“It’s definitely something I’m still trying to get a handle on; 180 pounds for most women isn’t a weight that’s hard to manage, but as you put on more muscle, especially as a natural athlete, it takes a lot of mental effort devoted to my diet to keep my weight down that much,” she says. “It ends up being a balancing act. It’s not that I couldn’t sit close to 180, it’s how much time do I want to devote to thinking about my diet and to the sport in general, which is essentially a hobby.”

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This Supercut of Ronnie Coleman Lifting Will Have You Yelling “Yeah, Buddy!”


Throwback Video: Ronnie Coleman's Famous 800-Pound Squat

Ronnie Coleman / YouTube

If you’re a regular Muscle & Fitness reader, we don’t need to tell you that Ronnie Coleman is a legend. But perhaps more legendary than the eight-time Mr. Olympia himself are his gym catchphrases. From “Light weight, baby!” and “Ain’t nothin’ but a peanut!” to the timeless “Yeah, buddy!” and various other exclamations, no one knows how to get hyped up the way “The King” does.

Big Ron’s affinity for shouting motivational phrases while lifting is common knowledge, and countless videos of him pumping iron exist on the Internet. Hell, the video of him squatting 800 pounds is basically required viewing for bodybuilders of all levels. But one YouTuber recently created a supercut of Coleman’s gym videos that’ll get you more hyped than your favorite preworkout.

Check it out below, and don’t be surprised if you find yourself muttering “Light weight, baby,” by the end of it.

Anders Gjellan, the YouTuber who created the video, goes by “Back Guy” on both Instagram and YouTube, and he’s created compilations of various big names in the fitness industry in a series called “Basically.” The series took off recently, and it’s clear why: the videos are often hilarious. And he doesn’t stop at athletes — he’s also poked fun at the sports of bodybuilding, Strongman, powerlifting, and CrossFit.

If you could use a laugh, check them out:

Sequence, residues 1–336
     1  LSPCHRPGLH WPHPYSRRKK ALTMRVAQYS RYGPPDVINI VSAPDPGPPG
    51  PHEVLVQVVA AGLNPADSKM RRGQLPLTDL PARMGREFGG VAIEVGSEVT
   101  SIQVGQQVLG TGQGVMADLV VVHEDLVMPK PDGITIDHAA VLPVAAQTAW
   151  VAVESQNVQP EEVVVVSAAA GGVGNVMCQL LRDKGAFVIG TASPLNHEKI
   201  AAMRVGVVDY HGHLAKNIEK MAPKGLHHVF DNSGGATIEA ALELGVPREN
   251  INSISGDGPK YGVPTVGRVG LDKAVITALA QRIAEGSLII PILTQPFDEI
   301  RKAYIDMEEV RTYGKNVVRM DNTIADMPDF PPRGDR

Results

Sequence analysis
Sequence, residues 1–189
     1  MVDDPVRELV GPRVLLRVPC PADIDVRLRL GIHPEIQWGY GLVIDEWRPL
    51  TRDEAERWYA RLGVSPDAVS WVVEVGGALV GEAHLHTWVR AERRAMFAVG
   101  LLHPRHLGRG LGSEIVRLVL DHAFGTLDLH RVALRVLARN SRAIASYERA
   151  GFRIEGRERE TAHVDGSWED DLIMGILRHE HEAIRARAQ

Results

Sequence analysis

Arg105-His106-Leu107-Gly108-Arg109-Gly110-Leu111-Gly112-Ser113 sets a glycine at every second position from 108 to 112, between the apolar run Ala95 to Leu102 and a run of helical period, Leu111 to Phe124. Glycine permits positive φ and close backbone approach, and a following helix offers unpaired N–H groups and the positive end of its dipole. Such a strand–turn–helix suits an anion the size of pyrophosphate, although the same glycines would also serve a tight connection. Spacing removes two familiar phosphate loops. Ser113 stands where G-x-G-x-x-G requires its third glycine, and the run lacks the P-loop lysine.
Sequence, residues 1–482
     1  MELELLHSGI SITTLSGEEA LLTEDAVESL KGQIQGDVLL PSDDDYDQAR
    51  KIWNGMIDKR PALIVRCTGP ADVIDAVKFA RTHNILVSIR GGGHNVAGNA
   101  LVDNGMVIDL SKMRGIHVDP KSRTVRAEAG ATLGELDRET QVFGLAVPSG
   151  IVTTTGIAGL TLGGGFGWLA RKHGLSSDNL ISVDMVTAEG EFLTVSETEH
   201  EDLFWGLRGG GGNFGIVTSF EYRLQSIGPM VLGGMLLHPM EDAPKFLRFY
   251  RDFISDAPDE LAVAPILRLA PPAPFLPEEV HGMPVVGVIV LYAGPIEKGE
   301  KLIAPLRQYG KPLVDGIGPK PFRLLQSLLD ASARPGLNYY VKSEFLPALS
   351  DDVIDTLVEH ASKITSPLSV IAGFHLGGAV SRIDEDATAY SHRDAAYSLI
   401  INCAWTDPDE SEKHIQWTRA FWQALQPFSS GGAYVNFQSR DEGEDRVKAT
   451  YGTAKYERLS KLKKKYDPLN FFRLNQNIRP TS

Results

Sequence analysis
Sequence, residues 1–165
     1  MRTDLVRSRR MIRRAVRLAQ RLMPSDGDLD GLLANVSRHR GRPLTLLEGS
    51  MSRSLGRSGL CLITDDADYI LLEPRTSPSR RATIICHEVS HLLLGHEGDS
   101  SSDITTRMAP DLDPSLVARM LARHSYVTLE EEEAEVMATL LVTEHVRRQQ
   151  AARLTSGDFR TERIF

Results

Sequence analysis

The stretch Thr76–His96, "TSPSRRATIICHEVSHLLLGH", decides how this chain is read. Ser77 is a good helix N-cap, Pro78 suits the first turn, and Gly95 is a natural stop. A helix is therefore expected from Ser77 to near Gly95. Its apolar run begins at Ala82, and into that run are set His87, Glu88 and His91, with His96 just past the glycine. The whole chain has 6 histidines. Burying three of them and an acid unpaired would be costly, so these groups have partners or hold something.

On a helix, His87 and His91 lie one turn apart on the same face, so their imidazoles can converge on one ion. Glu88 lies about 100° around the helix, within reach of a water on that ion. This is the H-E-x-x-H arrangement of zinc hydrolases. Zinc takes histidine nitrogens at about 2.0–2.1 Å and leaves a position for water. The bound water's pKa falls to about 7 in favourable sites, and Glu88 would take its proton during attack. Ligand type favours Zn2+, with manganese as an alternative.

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How John Gramlich Changed His Diet and Training to Lose 120 Pounds


How John Gramlich Changed His Diet and Training to Lose 120 Pounds

Courtesy of John Gramlich

Three years ago, John Gramlich realized that his weight had spiraled out of control. He’d just moved back to his native Oklahoma after spending ten months in Nebraska for work—a place where he didn’t have the community, friends, or family that he had back home. When he returned, his family gave him a wake-up call.

“I had some really tough conversations with my sisters, who are my best friends, and some other close people,” Gramlich recalled. “And they said, ‘We’re glad you’re happy and you’ve gone back to home base to reset, but you need to get a grip on this, you need to prioritize this.’”

That’s when he tried joining a regular gym, getting a trainer, and running (which he hates to this day), but to no avail. What ended up working for Gramlich was CrossFit.

“It’s the variation in it, the camaraderie, and the community that’s kept me going and kept me on the hook,” he says. But even after he got comfortable in the gym, he had some work to do on the nutrition front. Friends at the gym proved helpful, but as a self-proclaimed “horrible cook,” he needed some help in the kitchen. After looking around online and seeing that Trifecta Nutrition partners with lots of CrossFitters, he thought the company would be a good match for his needs.

“I really found success with using the á la carte menu because it’s simple. It inspired me to cook more because I would get my different proteins every week and then manipulate them to make them into tacos or to put them into pasta or something.”

Once he got the nutrition aspect down, the rest is history. Now, his goals have shifted from weight loss—he dropped about 120 pounds total—to feeling confident and getting stronger. These days, he doesn’t even look at the scale.

His hard work and dedication have certainly paid off, and he has some tips for those just getting started:

Be honest with yourself and your ability level.
Prioritize honesty, and prioritize knowing what you don’t know. For me it wasn’t even a pride thing, it was more, “I want to do this the right way.” The hardest part about all of it is understanding that it is a process. When you have an open dialogue about how to do movements or how to work out properly, it gets easier.

Trust the process.
It’s a process, and you have to be patient in it. There are going to be days when you feel like you look like fricking Arnold Schwarzenegger, then there are other days when you going to stand in front of a mirror and think you look like a beached whale. It is what it is, and it’s your mind, your self doubt, and all these different things.

Take it slow.
When I first started nutrition, I failed miserably because I was like, OK, cold turkey, let’s do this. I tried cutting out all sweets, all sweet tea, all booze, and cutting out all fried food. When you do that, you fail in a week and wonder where the double-stuffed Oreos and tub of ice cream are.

I transitioned to the mindset, “OK, what can I change?” If you can change from sweet tea to water, go to a fast food joint and get a side salad instead of fries, or eat an apple, those transitions slowly bridge the gap. Now, I don’t even reach for fried food. I know what’s in the past and I don’t want to go back to it.

Don’t do it alone.